Sponsored Even with the proliferation of new technologies and treatments, the laser is still a frontline provider of outcomes. Among them, the SP Dynamis Pro™ dual-wavelength laser system from Fotona (based in the U.S. and Europe) remains a standout with two wavelengths (1064 nm Nd:YAG and 2940 nm Er:YAG) and unique modes of delivery. With these features, physicians can count on the platform to provide traditional therapies in difficult-to-treat areas, as well as novel applications such as hair regrowth.
Sponsored With a patient-friendly 585 nm wavelength and no consumables, the DenaVe diode laser by Quanta System (Milan, Italy) provides cost-effective treatment of vascular lesions and more.
Sponsored Picosecond lasers have been introduced as a breakthrough technology in the aesthetic and dermatologic fields, touting many reported advantages over other systems. However, many physicians still ask: “Is the picosecond laser really better than the nanosecond laser in real-world applications?” While not everyone may agree, I use a picosecond system called PICOCARE from Wontech, Ltd., Co. (Daejeon, South Korea), and, based on my experience with both a nanosecond laser and a picosecond laser, my answer to this question is “yes”.
Following the cue of the medical arena as a whole, the medical aesthetic and dermatology fields are inexorably turning towards progressive, all-inclusive therapies. This approach combines various integrative clinical techniques that address the patient’s complete well-being, including adjunctive skincare regimens.
While energy-based aesthetic devices are constantly evolving and improving to satisfy consumer demand for nonsurgical therapies, not all patients are able to take advantage of what seems to be the ever-expanding menu of technological advancements. Patients with darker skin types request the same energy-based solutions everyone else does, but not all of these treatments suit all Fitzpatrick skin types. Therefore, it is up to the physician to choose – and use – technology wisely.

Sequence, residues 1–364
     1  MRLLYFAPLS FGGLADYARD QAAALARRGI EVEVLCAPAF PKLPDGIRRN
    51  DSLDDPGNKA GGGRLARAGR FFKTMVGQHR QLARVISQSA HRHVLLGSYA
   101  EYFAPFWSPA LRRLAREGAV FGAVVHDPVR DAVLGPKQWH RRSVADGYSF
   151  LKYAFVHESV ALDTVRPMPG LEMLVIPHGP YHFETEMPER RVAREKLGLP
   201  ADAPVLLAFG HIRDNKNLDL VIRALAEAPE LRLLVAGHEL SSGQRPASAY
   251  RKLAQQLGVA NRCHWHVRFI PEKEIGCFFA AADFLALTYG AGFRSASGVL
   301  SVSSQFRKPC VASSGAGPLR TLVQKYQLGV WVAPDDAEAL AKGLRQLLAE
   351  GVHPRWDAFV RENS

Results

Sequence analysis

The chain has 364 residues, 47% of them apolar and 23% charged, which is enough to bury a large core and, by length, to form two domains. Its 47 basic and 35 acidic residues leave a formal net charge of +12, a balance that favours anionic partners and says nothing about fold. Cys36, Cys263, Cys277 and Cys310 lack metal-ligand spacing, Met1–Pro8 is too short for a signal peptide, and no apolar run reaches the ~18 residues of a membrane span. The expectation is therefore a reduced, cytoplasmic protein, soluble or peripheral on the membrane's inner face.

In medical aesthetics, transdermal devices, or penetration enhancers, that use microneedles, rollers, dermoelectroporation and other novel modalities offer practitioners an efficient and minimally invasive technique to penetrate the skin barrier. But while practitioners have eagerly embraced these products and devices, few therapeutic or regulatory standards exist.
Based on attendee demand, The Aesthetic Show 2019 will offer a new, Advanced Laser Techniques and Applications symposium as part of its pre-show program on Thursday, July 11, at the Wynn Resort in Las Vegas.
The Aesthetic Academy is headed to Dallas for the first time. Join us November 8-9, 2019, at the Omni Dallas Hotel for two days of advanced hands-on procedural training and comprehensive development in the field of medical aesthetics. Attend The Aesthetic Academy and certify your practice to the highest standards of medical excellence.
Prejuvenation, as a term and a trend, has been a growing movement within aesthetic medicine over the last few years, with millennials leading the charge. Unlike prior generations, millennial patients seek to prevent signs of aging proactively, and they know what they want before they even walk in the door.
Multispecialty stem-cell task force recommends facility accreditation and licensure of clinics performing any type of stem-cell treatment
NEW YORK, March 12, 2019 /PRNewswire/ – A recent article published in the Aesthetic Surgery Journal, the clinical, peer-reviewed journal of the American Society for Aesthetic Plastic Surgery (ASAPS/The Aesthetic Society) is calling for the FDA to expedite its oversight of companies and clinics offering stem-cell products and therapies.